Law School Discussion

Call from Harvard

corky

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Re: Call from Harvard
« Reply #50 on: November 14, 2005, 03:38:55 PM »
I still think that they'll look at an applicant from No Name College, with a school average LSAT score of 133, and one from Yale differently.

practiceboy02

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Re: Call from Harvard
« Reply #51 on: November 14, 2005, 03:39:37 PM »
Yale - 126
Penn State - 7

Where there 18 times as many applicants from Yale as from Penn State? Probably not.

I wonder, of those Yalies and Harvard people, how many are legacies?

Probably not as many as those who are incredibly bright and hard-working

John Galt

Re: Call from Harvard
« Reply #52 on: November 14, 2005, 03:46:10 PM »
I still think that they'll look at an applicant from No Name College, with a school average LSAT score of 133, and one from Yale differently.

It depends on what the mean GPA of the school is.

corky

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Re: Call from Harvard
« Reply #53 on: November 14, 2005, 03:49:16 PM »
I still think that they'll look at an applicant from No Name College, with a school average LSAT score of 133, and one from Yale differently.

It depends on what the mean GPA of the school is.

Does it? As others have pointed out, they use the mean LSAT at a school to determine the quality of the institution. All the GPA average does is tell them the amount of grade inflation.

Re: Call from Harvard
« Reply #54 on: November 14, 2005, 03:59:02 PM »
I still think that they'll look at an applicant from No Name College, with a school average LSAT score of 133, and one from Yale differently.

It depends on what the mean GPA of the school is.

Does it? As others have pointed out, they use the mean LSAT at a school to determine the quality of the institution. All the GPA average does is tell them the amount of grade inflation.

I'm confused why mean GPA is constantly pointed to as an indicator of grade inflation. The mean GPA is not the actual mean GPA of all students at your school, but that of law school applicants from your school for the past few years. Accordingly, a mean GPA will likely be higher at schools that have high mean LSAT scores because law school applicants from these schools are likely to have both high LSATs and high GPAs. I'm not saying there isn't any grade inflation at these schools, but I don't think a high mean GPA = grade inflation per se.

corky

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Re: Call from Harvard
« Reply #55 on: November 14, 2005, 04:03:09 PM »
It also unfairly impacts some students. For instance, I don't think anyone from my department has applied to law school in the last ten years, and we have much less grade inflation than other departments do.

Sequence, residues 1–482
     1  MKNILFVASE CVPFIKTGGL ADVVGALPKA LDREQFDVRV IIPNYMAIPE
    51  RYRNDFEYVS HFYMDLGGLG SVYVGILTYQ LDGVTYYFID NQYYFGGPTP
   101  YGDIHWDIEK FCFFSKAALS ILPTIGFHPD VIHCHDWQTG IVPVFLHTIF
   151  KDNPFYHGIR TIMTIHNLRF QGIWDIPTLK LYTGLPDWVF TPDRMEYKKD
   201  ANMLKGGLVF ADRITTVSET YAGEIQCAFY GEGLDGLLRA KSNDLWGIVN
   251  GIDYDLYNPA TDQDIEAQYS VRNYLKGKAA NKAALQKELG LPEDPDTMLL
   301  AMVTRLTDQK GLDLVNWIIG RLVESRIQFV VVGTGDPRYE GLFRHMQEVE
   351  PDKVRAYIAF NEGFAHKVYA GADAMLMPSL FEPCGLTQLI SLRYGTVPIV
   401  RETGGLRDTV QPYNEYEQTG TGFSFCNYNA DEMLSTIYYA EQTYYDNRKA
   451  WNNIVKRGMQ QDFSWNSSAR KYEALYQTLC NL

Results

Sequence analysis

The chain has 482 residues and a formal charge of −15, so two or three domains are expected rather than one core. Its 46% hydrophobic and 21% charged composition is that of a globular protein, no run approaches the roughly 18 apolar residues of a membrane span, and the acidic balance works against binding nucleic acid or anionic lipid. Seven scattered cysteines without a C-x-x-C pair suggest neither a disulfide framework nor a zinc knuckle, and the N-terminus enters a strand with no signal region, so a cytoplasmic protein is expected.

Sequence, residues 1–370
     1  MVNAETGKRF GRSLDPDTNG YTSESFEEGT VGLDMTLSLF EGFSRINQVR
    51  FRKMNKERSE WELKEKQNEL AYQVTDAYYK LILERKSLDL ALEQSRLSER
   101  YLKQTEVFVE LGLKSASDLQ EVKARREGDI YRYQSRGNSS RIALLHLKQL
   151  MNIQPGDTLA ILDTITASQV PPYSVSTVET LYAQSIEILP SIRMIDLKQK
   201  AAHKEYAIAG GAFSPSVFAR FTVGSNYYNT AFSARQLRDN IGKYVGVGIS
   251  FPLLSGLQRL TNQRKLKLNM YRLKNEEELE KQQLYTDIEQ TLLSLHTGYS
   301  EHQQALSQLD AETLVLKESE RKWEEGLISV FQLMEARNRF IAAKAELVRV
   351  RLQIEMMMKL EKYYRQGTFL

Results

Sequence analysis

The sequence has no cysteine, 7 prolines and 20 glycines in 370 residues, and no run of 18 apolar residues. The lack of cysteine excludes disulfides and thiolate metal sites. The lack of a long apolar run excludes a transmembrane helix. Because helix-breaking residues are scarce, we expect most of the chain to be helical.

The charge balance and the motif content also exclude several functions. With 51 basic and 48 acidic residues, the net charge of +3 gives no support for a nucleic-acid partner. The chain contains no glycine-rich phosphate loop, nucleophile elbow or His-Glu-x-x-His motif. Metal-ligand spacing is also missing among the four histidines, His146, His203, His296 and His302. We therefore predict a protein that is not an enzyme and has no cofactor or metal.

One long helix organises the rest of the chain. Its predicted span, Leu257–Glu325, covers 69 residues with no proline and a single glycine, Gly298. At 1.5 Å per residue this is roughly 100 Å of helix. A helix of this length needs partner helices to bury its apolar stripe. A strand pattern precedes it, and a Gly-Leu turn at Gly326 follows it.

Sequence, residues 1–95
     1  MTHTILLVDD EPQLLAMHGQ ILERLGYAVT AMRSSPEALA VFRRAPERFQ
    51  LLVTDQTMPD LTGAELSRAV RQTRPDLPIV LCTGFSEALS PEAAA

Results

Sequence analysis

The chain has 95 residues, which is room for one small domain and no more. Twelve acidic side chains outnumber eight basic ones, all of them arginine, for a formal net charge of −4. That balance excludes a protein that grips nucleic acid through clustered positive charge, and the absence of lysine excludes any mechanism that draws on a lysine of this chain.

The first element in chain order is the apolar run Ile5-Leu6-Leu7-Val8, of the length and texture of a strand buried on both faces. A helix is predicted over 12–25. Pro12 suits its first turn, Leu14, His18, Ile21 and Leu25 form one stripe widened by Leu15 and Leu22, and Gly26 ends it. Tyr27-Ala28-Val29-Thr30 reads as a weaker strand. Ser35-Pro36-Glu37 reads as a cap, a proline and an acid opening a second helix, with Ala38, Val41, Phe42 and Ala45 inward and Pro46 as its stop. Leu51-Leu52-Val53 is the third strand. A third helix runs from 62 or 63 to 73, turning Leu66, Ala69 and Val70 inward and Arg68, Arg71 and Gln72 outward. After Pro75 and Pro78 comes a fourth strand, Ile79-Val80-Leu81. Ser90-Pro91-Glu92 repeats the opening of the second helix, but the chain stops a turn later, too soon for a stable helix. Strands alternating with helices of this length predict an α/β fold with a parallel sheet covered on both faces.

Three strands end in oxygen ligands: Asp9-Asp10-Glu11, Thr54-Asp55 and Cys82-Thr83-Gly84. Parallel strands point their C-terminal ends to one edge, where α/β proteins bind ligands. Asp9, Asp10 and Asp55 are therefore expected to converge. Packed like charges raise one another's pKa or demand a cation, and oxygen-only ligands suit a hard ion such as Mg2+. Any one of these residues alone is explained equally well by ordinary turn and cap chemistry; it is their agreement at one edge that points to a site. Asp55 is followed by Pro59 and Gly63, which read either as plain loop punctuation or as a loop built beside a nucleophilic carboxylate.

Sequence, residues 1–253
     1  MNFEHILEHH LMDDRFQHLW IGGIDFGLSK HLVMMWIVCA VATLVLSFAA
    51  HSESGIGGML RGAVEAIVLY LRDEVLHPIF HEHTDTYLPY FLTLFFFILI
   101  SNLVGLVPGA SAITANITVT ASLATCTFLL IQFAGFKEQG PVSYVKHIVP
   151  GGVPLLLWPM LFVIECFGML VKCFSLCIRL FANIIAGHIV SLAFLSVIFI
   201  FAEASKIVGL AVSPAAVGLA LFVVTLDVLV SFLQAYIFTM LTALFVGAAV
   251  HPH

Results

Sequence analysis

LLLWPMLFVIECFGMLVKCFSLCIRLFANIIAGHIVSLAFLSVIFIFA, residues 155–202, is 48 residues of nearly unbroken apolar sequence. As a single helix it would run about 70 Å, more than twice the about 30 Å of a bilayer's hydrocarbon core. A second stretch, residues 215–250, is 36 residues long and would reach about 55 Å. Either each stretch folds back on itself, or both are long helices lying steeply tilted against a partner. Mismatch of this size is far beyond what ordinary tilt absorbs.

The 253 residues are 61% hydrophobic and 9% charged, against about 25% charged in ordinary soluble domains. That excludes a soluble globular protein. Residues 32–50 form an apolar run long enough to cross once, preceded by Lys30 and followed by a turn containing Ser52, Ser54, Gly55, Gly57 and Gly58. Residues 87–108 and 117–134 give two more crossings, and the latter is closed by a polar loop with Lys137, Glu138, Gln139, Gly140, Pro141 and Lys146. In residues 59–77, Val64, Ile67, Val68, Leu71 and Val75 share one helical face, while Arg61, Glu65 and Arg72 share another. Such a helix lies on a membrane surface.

pandabones

Re: Call from Harvard
« Reply #56 on: November 14, 2005, 04:05:30 PM »
I still think that they'll look at an applicant from No Name College, with a school average LSAT score of 133, and one from Yale differently.

It depends on what the mean GPA of the school is.

Does it? As others have pointed out, they use the mean LSAT at a school to determine the quality of the institution. All the GPA average does is tell them the amount of grade inflation.

I'm confused why mean GPA is constantly pointed to as an indicator of grade inflation. The mean GPA is not the actual mean GPA of all students at your school, but that of law school applicants from your school for the past few years. Accordingly, a mean GPA will likely be higher at schools that have high mean LSAT scores because law school applicants from these schools are likely to have both high LSATs and high GPAs. I'm not saying there isn't any grade inflation at these schools, but I don't think a high mean GPA = grade inflation per se.

At least for my school, the LSAC mean GPA and the overall mean GPA (calculated by my school) is almost the same.  Of course, if your school only has a few law school applicants (or non-law school applicants have much lower GPAs), the LSAC mean GPA may be way off.

5

Re: Call from Harvard
« Reply #57 on: November 14, 2005, 04:08:00 PM »

jg983

Re: Call from Harvard
« Reply #58 on: November 14, 2005, 04:39:31 PM »
As long as y'all don't make asses of yourselves, you can consider it a "Welcome to Harvard" phone call.

Did you or anyone else who applied last year get this call too, Habeas?  I'm hoping you're on the money!

I'm not sure. I didn't make my way onto these boards until March or April, and didn't apply until the very end of January. This sounds like an in if I've ever heard one, though.

jg983

Re: Call from Harvard
« Reply #59 on: November 14, 2005, 04:42:21 PM »
Is anyone else who applied early and has not yet gone complete beginning to seriously doubt their chances a HLS?

That said, congrats to all who seem to have gotten good news thus far!

Last year, *ONE* LSN user with a 178+ was rejected from HLS. He/she had a 3.5 GPA. This is compared to too many acceptances to count. You're fine.
http://lawschoolnumbers.com/graphs.php?cycle=2&school_code=0008